Rowland Heights, CA asked in Animal / Dog Law and Social Security for California

Q: My Service dog in training was denied access to a clinic that I was going to for my social security evaluation.

receptionist stated that service dog is only for the blind and deaf. What can I do?

1 Lawyer Answer
Susan Michele Schaefer
Susan Michele Schaefer
  • Social Security Disability Lawyer
  • Prattville, AL

A: A dog who is a trained service animal is permitted access under the Americans with Disabilities Act (ADA). Examples of service animal work include guiding people who are blind, alerting people who are deaf, pulling a wheelchair, alerting and protecting a person who is having a seizure, reminding a person with mental illness to take prescribed medications, calming a person with Post Traumatic Stress Disorder (PTSD) during an anxiety attack, or performing other duties. However, an emotional support animal is not a trained service animal. One issue is that your dog is still in training and does not yet meet the definition of service animal under the ADA. Under the ADA, the dog must already be trained before it can be taken into public places. However, some State or local laws may cover animals that are still in training.

Under the ADA, State service animals are generally allowed to accompany people with disabilities in all areas of the facility where the public is allowed to go. For example, in an exam room. You may be asked two questions about your service animal: (1) is the dog a service animal required because of a disability, and (2) what work or task has the dog been trained to perform. They cannot require medical documentation of your disability, or require a special training documentation for the dog. The service animal must be under control with a harness or leash.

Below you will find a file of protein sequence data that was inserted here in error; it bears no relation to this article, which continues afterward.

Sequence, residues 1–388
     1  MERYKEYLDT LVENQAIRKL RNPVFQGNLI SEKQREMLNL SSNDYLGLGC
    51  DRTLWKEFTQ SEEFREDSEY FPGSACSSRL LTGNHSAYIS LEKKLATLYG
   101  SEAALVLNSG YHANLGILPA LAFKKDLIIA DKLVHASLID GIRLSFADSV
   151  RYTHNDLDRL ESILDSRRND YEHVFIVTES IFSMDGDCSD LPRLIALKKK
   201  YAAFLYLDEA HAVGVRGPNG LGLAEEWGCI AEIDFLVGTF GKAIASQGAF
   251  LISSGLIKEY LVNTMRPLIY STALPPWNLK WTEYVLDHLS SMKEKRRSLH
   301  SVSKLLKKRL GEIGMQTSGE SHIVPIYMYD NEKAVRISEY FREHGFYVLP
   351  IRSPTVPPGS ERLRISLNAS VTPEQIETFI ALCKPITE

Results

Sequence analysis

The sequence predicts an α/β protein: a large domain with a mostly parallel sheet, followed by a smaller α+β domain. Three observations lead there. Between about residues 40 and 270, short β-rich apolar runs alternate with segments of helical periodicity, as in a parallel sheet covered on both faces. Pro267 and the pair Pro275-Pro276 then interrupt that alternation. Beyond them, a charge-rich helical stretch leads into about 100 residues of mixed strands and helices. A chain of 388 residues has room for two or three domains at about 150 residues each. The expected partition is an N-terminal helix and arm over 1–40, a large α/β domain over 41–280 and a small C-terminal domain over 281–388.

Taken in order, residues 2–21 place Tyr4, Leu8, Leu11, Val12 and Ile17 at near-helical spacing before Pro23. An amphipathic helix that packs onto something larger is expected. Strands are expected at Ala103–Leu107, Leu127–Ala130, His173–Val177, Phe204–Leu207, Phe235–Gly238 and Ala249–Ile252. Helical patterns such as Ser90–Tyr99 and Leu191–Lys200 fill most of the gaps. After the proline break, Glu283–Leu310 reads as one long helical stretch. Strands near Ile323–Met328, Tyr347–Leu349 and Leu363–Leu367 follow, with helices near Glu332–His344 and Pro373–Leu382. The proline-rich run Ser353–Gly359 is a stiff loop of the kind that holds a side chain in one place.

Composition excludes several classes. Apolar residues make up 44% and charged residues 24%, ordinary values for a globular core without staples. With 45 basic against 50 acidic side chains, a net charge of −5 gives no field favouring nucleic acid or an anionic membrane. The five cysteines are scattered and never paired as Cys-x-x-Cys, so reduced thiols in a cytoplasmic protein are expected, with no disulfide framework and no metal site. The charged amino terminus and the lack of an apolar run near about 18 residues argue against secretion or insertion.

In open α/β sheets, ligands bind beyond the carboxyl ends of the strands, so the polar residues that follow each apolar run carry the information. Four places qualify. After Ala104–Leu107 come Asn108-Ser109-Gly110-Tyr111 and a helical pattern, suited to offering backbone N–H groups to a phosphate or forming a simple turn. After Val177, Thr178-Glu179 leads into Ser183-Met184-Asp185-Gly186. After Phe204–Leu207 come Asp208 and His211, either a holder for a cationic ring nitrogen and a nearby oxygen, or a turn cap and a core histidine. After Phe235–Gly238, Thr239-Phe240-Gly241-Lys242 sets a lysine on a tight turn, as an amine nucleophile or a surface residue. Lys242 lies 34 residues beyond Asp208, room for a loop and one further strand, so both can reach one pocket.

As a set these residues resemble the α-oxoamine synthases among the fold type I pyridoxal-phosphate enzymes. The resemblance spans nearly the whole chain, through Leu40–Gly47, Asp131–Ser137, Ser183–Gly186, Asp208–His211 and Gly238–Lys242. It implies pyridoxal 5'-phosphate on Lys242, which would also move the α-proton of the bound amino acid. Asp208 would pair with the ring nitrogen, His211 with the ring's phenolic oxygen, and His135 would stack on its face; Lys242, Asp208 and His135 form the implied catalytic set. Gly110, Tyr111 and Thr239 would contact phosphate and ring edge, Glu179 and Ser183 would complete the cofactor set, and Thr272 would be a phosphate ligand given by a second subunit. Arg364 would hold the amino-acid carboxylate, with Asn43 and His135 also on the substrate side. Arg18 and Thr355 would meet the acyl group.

The ADA authorizes the Department of Justice (the Department) to provide technical assistance to individuals and entities that have rights or responsibilities under the Act. There is an ADA Information line at 800-514-0301 and 800-514-0383 (TTY). You could share this ADA information at with the business. You can also have them call the number provided above. If the business continues to deny access, then a person may file a complaint for violation of the ADA with the U.S. Department of Justice.

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